by Elizabeth McCorquodale
Winter is a tough time for wildlife in the garden, both for species that we gardeners rely on to tackle pests and pollinate our crops, and for those garden inhabitants who simply give us pleasure
Gardens can be real life-savers for wildlife in winter, providing food, water and shelter for all sorts of animals, whether they hibernate through most of the colder months like hedgehogs, bats and bumblebees or for the more active creatures that have to battle their way through all kinds of harsh conditions. We can make a real difference simply by providing vital habitats and a few well chosen meals when conditions are harsh.
The high-rise haven that is the log pile provides cover, food and nesting sites for invertebrates, amphibians and small mammals. They hole up in the cracks and crevices in and around the logs, in the rotting core of the logs themselves and in the protected ground beneath the pile. Place your log pile on the sunny south side of a sheltering wall or fence or drape a heavy tarp or old carpet over the top and down one side to prevent winter winds whistling through the gaps.
A no-cut corner, where stems and stalks are allowed to stay standing through the winter, is a great addition to any winter garden, ensuring a safe haven for the insects and small mammals that naturally occupy grassy habitats and who search out hollow stems and seedheads in which to spend the winter. With a little forethought these wild areas will add a bit of architectural interest to the winter garden, coming to glistening life whenever a frost settles. When the garden begins to warm up in late spring cut the stems back and lay them out for a week or two to allow overwintering insects to make their getaway.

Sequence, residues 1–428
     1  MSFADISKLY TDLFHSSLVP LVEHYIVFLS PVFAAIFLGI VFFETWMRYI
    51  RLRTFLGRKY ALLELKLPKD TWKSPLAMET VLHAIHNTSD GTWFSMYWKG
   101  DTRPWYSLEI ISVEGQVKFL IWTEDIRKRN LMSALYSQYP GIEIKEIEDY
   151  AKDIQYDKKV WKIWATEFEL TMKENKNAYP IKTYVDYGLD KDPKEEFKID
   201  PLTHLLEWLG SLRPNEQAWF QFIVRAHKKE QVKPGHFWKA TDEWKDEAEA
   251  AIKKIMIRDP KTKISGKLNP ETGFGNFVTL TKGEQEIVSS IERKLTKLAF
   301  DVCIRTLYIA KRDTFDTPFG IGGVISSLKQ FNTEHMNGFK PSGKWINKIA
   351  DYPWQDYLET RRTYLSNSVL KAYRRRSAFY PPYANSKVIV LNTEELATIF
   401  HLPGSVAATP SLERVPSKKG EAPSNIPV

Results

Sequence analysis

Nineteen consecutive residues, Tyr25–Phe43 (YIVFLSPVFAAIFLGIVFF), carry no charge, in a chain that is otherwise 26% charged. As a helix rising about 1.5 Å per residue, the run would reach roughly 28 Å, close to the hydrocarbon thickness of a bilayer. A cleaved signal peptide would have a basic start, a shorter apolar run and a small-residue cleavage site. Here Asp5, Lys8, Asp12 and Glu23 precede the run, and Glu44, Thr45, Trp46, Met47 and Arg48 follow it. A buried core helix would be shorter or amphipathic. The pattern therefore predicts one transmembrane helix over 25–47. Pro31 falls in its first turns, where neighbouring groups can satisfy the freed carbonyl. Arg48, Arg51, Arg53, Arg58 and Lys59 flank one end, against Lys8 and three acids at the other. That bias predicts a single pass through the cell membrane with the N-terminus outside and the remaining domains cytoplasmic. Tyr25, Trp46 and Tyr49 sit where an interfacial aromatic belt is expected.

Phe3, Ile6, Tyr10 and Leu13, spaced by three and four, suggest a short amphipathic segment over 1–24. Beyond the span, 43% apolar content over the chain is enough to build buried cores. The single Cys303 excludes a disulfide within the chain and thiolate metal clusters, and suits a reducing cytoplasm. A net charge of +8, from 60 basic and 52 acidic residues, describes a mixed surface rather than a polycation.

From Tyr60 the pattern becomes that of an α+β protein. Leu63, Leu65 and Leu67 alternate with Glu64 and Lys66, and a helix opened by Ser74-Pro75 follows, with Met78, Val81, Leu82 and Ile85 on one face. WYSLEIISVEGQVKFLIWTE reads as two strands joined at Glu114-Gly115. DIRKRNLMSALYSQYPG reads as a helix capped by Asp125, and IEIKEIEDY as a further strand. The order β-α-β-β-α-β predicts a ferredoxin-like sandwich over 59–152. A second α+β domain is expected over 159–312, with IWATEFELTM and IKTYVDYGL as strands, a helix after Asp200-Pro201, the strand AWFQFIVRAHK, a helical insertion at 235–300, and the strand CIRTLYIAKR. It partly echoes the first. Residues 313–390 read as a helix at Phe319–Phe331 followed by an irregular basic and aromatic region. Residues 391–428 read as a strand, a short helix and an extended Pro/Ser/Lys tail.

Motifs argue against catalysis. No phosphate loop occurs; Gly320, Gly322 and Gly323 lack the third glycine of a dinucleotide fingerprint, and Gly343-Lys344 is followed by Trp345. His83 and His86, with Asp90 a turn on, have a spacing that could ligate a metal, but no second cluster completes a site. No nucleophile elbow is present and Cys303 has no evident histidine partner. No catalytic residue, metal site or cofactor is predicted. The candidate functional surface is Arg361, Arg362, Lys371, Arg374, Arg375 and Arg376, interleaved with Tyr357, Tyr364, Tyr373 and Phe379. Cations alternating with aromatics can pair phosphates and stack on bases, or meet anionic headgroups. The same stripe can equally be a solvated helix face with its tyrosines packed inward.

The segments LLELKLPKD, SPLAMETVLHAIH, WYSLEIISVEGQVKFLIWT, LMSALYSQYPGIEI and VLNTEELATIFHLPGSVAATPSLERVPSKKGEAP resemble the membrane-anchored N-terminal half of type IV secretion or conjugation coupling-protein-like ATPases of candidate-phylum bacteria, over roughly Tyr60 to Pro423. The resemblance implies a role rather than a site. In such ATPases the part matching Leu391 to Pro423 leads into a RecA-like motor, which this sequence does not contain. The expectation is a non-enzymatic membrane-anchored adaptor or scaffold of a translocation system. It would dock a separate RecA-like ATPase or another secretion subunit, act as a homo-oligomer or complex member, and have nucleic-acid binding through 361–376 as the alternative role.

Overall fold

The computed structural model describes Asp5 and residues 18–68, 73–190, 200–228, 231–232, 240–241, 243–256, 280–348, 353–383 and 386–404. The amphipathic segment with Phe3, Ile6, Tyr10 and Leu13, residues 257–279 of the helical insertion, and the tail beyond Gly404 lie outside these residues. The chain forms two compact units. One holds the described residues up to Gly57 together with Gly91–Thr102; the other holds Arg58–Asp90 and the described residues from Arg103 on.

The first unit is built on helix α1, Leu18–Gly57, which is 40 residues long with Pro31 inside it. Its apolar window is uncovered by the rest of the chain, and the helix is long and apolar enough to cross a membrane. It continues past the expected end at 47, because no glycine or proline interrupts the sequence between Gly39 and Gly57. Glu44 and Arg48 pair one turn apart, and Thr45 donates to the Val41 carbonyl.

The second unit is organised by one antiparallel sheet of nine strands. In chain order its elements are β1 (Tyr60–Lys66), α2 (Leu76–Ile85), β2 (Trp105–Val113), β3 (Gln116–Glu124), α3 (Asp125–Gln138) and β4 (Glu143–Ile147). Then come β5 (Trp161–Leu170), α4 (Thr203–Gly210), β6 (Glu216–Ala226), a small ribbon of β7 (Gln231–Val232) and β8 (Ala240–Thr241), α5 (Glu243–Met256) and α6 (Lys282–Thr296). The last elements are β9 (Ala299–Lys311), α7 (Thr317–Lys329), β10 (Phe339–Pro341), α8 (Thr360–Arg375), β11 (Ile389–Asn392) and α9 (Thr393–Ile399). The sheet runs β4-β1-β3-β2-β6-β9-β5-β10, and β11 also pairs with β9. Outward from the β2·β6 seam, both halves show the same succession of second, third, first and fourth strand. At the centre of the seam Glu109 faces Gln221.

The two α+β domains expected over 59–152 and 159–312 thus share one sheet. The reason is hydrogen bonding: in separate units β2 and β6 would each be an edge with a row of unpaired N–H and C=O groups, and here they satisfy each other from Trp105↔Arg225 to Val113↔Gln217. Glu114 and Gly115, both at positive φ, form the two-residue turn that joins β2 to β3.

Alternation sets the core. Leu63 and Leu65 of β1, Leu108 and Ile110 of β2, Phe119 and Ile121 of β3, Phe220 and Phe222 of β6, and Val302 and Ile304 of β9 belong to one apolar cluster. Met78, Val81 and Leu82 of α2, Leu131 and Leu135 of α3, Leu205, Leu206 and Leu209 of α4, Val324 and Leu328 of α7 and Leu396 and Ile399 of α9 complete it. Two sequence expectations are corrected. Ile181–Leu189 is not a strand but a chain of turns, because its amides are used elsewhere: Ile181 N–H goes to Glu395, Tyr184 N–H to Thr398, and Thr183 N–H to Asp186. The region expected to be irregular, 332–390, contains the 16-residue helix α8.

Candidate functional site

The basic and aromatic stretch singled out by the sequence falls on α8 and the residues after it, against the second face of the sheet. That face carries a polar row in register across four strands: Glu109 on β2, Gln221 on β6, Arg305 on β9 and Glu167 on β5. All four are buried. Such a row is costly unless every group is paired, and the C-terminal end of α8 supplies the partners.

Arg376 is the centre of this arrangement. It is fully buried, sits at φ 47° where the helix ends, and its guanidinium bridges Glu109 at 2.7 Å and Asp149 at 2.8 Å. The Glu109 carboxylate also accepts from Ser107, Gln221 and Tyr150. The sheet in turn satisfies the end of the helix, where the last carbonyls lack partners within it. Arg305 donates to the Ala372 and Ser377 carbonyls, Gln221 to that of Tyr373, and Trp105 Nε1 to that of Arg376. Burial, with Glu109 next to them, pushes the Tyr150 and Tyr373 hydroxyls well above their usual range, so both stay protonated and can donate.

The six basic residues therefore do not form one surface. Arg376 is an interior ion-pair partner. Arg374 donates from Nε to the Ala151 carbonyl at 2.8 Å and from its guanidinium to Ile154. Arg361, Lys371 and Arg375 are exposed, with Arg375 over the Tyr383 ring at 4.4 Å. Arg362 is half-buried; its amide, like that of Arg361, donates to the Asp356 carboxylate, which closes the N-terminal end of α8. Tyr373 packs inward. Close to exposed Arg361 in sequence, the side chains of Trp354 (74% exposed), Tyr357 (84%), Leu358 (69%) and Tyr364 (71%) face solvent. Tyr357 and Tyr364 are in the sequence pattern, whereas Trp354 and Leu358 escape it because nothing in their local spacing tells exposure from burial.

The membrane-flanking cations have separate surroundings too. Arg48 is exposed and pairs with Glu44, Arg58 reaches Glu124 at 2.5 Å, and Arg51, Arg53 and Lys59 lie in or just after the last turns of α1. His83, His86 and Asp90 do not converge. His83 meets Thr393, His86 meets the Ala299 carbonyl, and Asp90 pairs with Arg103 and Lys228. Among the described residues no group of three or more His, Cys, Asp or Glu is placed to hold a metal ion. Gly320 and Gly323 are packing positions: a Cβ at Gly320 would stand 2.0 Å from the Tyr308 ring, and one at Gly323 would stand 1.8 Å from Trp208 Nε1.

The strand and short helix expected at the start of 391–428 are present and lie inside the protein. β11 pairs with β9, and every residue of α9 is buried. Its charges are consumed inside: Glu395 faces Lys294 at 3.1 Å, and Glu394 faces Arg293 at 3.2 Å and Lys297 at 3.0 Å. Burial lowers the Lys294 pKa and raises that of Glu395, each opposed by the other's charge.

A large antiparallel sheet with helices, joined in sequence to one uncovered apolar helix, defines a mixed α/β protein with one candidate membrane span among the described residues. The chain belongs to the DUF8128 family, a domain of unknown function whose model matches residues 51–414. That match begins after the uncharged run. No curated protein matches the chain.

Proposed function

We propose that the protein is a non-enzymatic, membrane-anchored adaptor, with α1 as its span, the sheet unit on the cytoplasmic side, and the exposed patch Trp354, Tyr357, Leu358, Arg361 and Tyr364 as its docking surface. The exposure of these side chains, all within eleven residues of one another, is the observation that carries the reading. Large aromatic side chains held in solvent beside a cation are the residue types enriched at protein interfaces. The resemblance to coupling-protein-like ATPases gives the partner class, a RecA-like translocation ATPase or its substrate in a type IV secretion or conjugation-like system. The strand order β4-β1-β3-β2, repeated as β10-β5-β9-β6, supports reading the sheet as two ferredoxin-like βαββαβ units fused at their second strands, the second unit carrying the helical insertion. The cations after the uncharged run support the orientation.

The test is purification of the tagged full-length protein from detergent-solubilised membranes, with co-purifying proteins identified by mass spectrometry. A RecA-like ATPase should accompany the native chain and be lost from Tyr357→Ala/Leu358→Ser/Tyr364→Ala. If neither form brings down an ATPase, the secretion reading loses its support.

A few well placed terracotta tiles or flat stones in your garden pond will provide extra shelter for pond dwellers to hole up in when the temperatures dip and a couple of old terracotta pots placed on the margins and well covered with insulating leaves, will give amphibians and invertebrates a lovely, cosy waterside retreat to see out the winter. Keep pond life happy and healthy by ensuring your pond stays oxygenated in winter; a pan of very hot water set upon the ice will melt a hole in thick ice without causing distress to submerged pond life.
Plant a thick evergreen or mixed hedge that will provide shelter for birds and small mammals, as well as safe nesting sites, berries, nectar-rich flowers and fruit. A light early autumn trim, with a late spring cut will keep your hedges looking neat and tidy without disturbing nesting birds in spring and will avoid severe frost damage on flushes of new growth.
Enrich the foraging habitat around your garden by spreading a thick mulch of fallen leaves all over your flower beds, beneath trees and around ponds. This will provide shelter for small creatures and is a great foraging area for birds and larger mammals to hunt out invertebrates.
Bats, hedgehogs and dormice go into true hibernation as do several species of bumblebees, butterflies, lacewings and ladybirds while frogs, toads, lizards and small mammals such as shrews enter states of torpor, a sort of halfway point between sleeping and hibernation where body temperatures drop and heart rates slow in order to preserve fat reserves while food is scarce. All these animals will occasionally wake during warm periods to top up their fat stores with a meal or two before settling down again. They all need a safe and cosy place in which to spend the winter.